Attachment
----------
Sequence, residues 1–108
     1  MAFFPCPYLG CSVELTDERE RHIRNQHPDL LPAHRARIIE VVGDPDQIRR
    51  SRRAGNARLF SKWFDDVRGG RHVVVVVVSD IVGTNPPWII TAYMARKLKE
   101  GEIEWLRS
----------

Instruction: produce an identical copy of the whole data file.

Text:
Sequence, residues 1–108
     1  MAFFPCPYLG CSVELTDERE RHIRNQHPDL LPAHRARIIE VVGDPDQIRR
    51  SRRAGNARLF SKWFDDVRGG RHVVVVVVSD IVGTNPPWII TAYMARKLKE
   101  GEIEWLRS